This was all fine, of course. I was weathering the musical conditions fairly well, all things considered; smirking from the backseat of the car at all the amped-up sexuality and idly wishing it was common for classic rock stations to play Bikini Kill. BUT THEN. The station played a clip from their morning show in which the disc jockeys shared their incredulity over a story of a rock god who was flashed by a very well-endowed woman at a concert and responded by noting that “Once you’ve seen one pair, they all start to look the same.”

Well. The DJs were flabbergasted. The rock god had been given a great gift! He’d been given the gift of a glorious rack at which to stare! And he’d nonchalantly shrugged the whole thing off! They were gonna have to call him and set him straight about those boobies!

Yes, they said “boobies.”

And it was here, on the third and final day of my trip, that I thought I truly snapped. I looked out the window and suddenly there were penises everywhere, raining from the sky. One crashed just to our left, narrowly missing the car. I yelled at the driver to pull over, PULL OVER, and I scrambled out of the car and took off at a blind run. I dodged and weaved between other cars as I peeled my shirt off and tossed it emphatically in the air, shouting something about pulling the trigger of my love gun as highway patrol officers chased me on foot. Just as they were closing in to tackle me I awoke with a startle, knocking my head against the glass of the car window.

It was just a dream. It was all just a dream.

The raining penises, that its. The classic rock was still disappointingly, tragically real.

But don’t bother trying to listen for yourself. Because you know what? Take my word for it:

Once you’ve heard one classic rock song, they all start to sound the same.

9 Responses to “the gods of rawk”

  1. Sister Christian, oh the time has come…

    (*love* this post)

  2. A few years ago, my favourite radio DJ (who is also the music director for the best radio station going) wrote a foreword to a book wherein he said he never wanted to be the guy who reckoned good music ended in year whatever.

    Me too, brother, me too. It’s why I always want to hear what new stuff sounds like. I don;t think there’s a use by date on creativity or genius.

    But yeah, just playing the same stuff over and over? Who wants it?

  3. One of the things that I discovered after moving back from California to Arizona was that no radio station in the entire state of Arizona has purchased a new album since approximately 1987. The radio stations simply “changed their format” so that what was once “new RAWK!” is now “Your Favorite OLDIES!”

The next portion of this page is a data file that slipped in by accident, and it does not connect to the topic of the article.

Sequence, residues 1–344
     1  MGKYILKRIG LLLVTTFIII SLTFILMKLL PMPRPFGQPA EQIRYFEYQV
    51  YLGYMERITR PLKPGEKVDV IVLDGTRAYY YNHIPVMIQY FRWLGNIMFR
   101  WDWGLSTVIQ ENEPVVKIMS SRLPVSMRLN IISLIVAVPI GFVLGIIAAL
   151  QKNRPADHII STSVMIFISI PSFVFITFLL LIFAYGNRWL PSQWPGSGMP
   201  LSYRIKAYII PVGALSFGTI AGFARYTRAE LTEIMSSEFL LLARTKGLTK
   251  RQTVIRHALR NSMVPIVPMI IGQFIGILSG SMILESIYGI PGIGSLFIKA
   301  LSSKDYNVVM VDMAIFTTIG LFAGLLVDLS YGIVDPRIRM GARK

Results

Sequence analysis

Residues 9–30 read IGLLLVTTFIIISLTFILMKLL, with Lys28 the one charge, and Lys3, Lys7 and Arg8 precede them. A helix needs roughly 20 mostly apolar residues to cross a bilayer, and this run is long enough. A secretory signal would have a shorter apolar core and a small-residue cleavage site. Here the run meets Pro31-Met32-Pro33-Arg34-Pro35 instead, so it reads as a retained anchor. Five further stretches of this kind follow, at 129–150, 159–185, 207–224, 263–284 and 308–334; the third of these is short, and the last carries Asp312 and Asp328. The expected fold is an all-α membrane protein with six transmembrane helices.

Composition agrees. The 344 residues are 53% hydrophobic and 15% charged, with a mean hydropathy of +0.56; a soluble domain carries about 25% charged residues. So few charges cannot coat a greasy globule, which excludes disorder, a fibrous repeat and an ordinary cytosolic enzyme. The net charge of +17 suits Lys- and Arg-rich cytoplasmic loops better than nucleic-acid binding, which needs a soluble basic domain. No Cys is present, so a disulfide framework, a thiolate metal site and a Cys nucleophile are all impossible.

Holy moly, I LIVE in the place Where The Music Died.

    I am grateful for the Internets, where I can learn about new bands (also, even though I never did get the hang of embedding the music player thingy, I really miss our MixTape Masters Fridays so that I could hear what everyone else was listening to and add new music to my library). I am also grateful for my ipod app on my phone, where I can store many many hours of great music so that I never again have to listen to Pink Floyd, Led Zepelin, or Peter Cetera. See also, Red Hot Chili Peppers.

    • Yeah I’m pretty sure our (only) rock station stopped the clock around 1999. Every now and then they’ll break out of their 90s love fest to play some Nickleback. I would go crazy if not for streaming music sites.

  4. I feel like each generation keeps their own favorite music/music access type alive on their own. The people listening to radio stations are the people who grew up with the classic rock, so there you go. The alternative radio stations I listened to in Chicago and Cleveland have both been shut down in the last year, because people our age are listening primarily online.

    Down the line, I imagine we will be listening to online music streaming channels of electropop and indie music, while all the youngsters have like, computer chips installed in their brains that continuously play noises of lasers and garbage cans rolling down the street. You know, “future music.”

    Also, I love my Rolling Stones, and constant “Penis” is not only their lyrics, but also the background noise, cover art, AND the tourbus.

  5. Sounds like you found the station they used to play at my old office. I used to like classic rock, until I’d had that job for about three months. Our station threw in some Elton John, too, for variety- only as far as I could tell they possessed only one of his albums. Which got played in its entirety at least once a day. There was a “no Elton” rule for our wedding music. I still can’t listen to Zeppelin without trying to pull my own ears off.

  6. I once heard a stat (totally don’t know if it’s true or not) that the majority of people stop actively trying to discover new music after the age of 25. The majority of the music they will listen to after 25 will be the stuff they grew up with.

  7. I love this post. Do you follow All Songs Considered. It’s my favorite thing and their first listens are often Amazaballz.